Don’t violate privacy/electronic communication laws

As noted above, be very careful about the information collected in connection with the honeypot. Privacy laws, particularly the General Data Protection Regulation (GDPR) and federal Electronic Communications Privacy Act (ECPA), have very broad application and extend to IP addresses and, even, business contact information. Using this information may be strictly limited and present the potential for enforcement actions and liability. Except for interactions with law enforcement, uses of personally identifiable information should be strictly avoided. Only aggregated or de-identified information should be used, particularly in the context of any published reports or statistics regarding operation of the honeypot.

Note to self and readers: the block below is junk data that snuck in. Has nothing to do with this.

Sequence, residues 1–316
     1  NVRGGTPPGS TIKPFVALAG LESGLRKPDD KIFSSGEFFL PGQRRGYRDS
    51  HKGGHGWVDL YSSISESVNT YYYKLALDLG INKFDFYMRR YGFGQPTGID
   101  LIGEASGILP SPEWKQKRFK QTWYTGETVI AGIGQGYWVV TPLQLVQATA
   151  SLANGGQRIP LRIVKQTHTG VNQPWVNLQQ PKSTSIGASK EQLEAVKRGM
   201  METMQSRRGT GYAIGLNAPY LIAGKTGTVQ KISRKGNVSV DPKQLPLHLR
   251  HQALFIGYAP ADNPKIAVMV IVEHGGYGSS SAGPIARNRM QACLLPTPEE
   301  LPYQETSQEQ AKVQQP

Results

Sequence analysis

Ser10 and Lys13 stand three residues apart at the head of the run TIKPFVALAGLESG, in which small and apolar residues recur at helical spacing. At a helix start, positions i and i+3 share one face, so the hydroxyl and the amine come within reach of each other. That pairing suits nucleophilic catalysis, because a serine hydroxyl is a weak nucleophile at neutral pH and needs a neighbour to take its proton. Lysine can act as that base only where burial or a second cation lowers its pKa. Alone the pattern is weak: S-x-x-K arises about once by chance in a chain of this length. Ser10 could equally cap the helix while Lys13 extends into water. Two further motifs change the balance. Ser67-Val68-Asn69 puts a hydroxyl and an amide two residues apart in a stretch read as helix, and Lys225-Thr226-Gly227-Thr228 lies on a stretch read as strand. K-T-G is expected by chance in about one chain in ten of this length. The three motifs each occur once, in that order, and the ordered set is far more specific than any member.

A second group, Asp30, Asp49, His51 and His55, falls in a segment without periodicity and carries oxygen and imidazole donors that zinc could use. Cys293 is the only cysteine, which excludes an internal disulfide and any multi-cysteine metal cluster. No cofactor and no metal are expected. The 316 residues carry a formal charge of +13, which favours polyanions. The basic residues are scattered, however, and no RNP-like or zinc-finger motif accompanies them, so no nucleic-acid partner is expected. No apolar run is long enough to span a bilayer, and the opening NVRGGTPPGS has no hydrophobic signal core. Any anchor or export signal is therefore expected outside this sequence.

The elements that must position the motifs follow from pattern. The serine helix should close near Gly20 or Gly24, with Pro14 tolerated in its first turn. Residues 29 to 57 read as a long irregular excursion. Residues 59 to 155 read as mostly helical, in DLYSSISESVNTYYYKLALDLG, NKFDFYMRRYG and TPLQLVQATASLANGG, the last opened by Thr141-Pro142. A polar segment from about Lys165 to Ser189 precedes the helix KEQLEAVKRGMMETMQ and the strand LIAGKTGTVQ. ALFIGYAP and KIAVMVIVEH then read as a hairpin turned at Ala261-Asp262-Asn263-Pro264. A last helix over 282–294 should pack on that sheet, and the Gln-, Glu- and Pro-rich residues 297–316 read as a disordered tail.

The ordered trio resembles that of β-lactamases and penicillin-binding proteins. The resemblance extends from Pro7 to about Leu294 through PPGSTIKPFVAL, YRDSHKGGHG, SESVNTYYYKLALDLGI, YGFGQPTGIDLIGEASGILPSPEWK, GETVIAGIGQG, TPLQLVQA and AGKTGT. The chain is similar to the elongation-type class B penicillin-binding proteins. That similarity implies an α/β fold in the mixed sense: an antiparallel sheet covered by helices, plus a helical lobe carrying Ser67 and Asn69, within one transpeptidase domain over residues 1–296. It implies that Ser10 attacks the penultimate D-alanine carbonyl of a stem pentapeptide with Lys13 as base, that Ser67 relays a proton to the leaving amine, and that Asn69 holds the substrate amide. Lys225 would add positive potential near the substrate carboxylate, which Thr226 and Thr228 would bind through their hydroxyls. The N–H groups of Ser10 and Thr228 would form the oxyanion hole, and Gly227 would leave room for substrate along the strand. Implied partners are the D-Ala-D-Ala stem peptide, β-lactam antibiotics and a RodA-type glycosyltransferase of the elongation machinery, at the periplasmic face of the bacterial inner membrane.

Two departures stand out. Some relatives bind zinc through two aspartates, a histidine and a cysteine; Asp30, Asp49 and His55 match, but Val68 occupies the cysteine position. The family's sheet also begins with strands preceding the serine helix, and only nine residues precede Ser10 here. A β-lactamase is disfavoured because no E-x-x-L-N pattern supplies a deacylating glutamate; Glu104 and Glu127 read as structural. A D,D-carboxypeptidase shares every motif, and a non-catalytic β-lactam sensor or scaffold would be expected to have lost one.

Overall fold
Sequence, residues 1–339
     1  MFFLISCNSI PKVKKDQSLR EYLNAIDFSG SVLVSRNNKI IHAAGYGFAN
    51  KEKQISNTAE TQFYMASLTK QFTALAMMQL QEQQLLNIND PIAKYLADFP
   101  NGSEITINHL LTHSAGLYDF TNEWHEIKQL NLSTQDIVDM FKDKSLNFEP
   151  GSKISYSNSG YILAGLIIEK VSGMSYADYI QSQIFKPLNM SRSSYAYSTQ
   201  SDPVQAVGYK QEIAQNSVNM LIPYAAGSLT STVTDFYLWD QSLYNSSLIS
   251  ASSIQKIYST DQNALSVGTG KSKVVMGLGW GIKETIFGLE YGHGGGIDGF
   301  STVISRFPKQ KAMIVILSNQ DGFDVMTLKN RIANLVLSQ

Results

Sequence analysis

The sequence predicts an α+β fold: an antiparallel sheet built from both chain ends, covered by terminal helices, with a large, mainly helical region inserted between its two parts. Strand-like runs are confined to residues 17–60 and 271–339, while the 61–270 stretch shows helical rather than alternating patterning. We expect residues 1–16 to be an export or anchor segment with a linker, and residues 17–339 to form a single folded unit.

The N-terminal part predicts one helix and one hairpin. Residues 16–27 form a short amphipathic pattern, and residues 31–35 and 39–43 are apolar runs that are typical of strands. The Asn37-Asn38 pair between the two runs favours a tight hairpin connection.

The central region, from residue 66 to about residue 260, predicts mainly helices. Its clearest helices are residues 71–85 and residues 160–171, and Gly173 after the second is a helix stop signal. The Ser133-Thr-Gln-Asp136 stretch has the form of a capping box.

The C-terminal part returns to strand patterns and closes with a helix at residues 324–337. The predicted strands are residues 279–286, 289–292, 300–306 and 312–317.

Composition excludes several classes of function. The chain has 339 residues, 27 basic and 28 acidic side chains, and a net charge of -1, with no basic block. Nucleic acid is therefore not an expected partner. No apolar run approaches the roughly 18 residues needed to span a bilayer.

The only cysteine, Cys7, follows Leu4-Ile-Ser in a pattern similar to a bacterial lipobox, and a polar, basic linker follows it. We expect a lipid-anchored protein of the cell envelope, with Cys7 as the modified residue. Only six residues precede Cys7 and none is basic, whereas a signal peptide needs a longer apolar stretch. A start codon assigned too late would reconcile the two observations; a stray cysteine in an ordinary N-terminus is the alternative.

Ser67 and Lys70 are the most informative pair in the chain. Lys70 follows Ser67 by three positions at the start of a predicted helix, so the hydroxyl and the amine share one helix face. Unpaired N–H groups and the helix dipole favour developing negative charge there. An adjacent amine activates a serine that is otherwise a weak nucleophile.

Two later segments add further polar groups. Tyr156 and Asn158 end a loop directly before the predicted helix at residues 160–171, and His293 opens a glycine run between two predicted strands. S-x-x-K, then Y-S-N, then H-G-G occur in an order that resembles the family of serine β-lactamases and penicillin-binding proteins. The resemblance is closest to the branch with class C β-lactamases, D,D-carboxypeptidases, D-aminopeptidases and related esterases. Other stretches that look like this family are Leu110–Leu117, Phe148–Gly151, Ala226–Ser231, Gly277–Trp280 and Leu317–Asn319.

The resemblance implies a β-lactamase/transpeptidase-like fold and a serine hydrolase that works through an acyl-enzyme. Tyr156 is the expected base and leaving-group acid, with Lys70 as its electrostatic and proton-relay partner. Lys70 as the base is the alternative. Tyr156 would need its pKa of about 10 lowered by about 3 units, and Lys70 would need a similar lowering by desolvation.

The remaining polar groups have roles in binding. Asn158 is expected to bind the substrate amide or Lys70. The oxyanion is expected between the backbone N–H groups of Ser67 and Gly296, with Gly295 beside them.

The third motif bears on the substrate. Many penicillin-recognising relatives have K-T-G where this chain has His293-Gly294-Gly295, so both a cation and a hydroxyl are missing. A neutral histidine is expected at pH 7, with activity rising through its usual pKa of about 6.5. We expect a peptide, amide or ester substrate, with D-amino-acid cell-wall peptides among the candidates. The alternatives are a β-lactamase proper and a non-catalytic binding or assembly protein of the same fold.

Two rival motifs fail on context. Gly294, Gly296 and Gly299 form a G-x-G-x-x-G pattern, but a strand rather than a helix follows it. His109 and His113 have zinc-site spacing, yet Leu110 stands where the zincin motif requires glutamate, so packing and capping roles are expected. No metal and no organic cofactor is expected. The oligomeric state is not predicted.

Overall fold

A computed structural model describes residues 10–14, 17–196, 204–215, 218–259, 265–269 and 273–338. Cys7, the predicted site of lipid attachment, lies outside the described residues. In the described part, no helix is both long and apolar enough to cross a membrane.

The law regarding entrapment is complicated, but if someone creates a situation intended solely to snare a wrongdoer, there is the potential for an argument this constitutes entrapment. In such a case, law enforcement may decline to take action on information gained from the honeypot.

While most businesses create honeypots for the very beneficial reason of identifying and, potentially, having hackers prosecuted. There are very real dangers in doing so. The business may open itself up to potential claims from the hacker, subject itself to regulatory action, or, even, find itself prosecuted for hacking. Think carefully before moving forward with any honeypot project. Involve legal counsel and, potentially, consult with law enforcement.